Elsewhere in the documents published alongside the budget speech was confirmation that measures to restrict R&D relief on overseas R&D activities will be delayed for a year to enable further consultation and consider how these rules will work alongside the proposed combined future incentive. It was encouraging to see that the government listened to feedback, including recommendations by the House of Lords Economic Affairs Committee, with potential for mitigating measures to be included in the design of the new single scheme.
Although the government has delayed the introduction of these restrictions, the draft legislation already is influencing businesses when considering whether to locate cutting-edge innovation projects in the UK. According to our research, 50% of the UK’s STEM businesses expect to move some of their R&D activity abroad because of the upcoming changes. While the delay may have given some businesses added time to plan and adjust R&D budgets and resourcing strategies, some of our clients are already losing funding to teams in other European countries with a stronger R&D incentive and more stable policy outlook.
Looking beyond R&D tax relief, the budget contained several other nods to innovation, not least the announcement of 12 investment zones across the UK to catalyze growth. These could kickstart regional clusters, with evidence for positive spillover effects from R&D investment. But the devil will be in the details. More than seven out of 10 companies we surveyed said they decide where to invest in innovation based on tax incentives and grant funding, so creating a supportive ecosystem for R&D can clearly be a powerful tool for leveling up. Getting this right could make or break the success of the investment zone policy.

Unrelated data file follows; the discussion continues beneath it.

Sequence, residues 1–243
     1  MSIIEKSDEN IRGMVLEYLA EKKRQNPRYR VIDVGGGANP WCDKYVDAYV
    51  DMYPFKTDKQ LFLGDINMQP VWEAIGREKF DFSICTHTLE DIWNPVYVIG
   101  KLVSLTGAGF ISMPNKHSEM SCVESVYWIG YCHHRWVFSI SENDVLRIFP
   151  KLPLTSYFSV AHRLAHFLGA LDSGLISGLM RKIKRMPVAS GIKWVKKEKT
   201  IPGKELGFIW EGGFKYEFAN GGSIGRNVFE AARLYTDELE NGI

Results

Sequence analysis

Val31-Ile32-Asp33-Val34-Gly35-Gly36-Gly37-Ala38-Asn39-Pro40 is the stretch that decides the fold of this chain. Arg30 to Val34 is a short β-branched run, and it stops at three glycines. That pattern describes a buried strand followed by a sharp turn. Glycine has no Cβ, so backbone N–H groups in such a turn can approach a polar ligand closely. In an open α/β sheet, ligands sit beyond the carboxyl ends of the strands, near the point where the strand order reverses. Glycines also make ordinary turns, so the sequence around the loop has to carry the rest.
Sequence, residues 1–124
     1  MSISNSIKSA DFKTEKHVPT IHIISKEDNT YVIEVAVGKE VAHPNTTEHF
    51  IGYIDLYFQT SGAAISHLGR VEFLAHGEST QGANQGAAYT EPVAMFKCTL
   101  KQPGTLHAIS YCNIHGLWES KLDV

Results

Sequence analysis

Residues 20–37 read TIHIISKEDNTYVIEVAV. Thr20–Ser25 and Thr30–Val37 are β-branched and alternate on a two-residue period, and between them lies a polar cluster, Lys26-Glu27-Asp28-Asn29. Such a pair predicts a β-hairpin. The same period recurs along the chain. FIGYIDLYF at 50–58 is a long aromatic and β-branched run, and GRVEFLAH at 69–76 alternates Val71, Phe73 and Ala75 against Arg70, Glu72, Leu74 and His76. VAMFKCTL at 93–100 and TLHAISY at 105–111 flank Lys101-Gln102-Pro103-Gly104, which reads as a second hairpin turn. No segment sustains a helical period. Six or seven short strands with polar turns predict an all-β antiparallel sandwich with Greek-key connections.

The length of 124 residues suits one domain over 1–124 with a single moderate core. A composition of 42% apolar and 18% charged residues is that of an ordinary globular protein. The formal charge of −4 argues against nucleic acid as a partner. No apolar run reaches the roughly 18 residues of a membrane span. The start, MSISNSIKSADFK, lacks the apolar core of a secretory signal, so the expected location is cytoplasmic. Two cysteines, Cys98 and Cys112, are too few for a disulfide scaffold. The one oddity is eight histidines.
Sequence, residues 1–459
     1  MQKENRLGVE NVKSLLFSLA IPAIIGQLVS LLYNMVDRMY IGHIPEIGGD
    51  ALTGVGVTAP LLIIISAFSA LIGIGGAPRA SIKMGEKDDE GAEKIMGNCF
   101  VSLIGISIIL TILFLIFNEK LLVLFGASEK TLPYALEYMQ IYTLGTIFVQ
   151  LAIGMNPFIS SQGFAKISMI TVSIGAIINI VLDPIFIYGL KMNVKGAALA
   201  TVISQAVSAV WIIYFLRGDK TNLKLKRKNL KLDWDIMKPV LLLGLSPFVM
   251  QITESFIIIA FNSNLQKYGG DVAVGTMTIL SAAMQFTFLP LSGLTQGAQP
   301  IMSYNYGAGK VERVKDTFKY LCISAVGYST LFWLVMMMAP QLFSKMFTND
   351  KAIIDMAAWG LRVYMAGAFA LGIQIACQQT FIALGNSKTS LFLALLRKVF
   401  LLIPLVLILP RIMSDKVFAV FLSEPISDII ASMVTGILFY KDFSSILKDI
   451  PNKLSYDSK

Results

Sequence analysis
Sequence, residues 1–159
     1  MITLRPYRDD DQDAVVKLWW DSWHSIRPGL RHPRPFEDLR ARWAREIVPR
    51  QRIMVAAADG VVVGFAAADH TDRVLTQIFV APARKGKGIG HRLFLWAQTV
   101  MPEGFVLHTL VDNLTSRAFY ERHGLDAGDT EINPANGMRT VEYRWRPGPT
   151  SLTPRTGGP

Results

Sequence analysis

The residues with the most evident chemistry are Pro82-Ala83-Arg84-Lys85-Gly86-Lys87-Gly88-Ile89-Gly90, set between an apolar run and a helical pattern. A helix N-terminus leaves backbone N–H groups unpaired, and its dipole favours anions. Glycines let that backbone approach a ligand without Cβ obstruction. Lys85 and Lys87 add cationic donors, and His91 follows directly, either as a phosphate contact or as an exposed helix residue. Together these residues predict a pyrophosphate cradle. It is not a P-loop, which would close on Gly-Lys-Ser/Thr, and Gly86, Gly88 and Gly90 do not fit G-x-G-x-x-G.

The geography of investment zones also could be contentious, with none of the proposed English locations situated south of Birmingham. As with other direct interventions—such as grant funding for priority sectors from AI to carbon capture, usage and storage—there are risks in trying to pick winners, with potential for politics to come into play. For example, according to our research, there are UK regions with untapped potential for delivering economic gains, beyond the proposed investment zones alone.
It’s good news that the government understands the economic value of innovation—indeed, it’s name checked in the new Department for Science, Innovation and Technology. But it’s also important that R&D tax relief policy, which has been effective in fostering innovation for more than 20 years, isn’t overlooked in the quest to support “the next big thing.”
By their very nature, innovators often don’t fit neatly into existing categories—they redefine the fields in which they operate or even create new ones. Picking winners and losers by sector, science or geography could close the door to funding for the very businesses we should be helping to flourish.
This article does not necessarily reflect the opinion of Bloomberg Industry Group, Inc., the publisher of Bloomberg Law and Bloomberg Tax, or its owners.
Jenny Tragner is director and head of policy with ForrestBrown.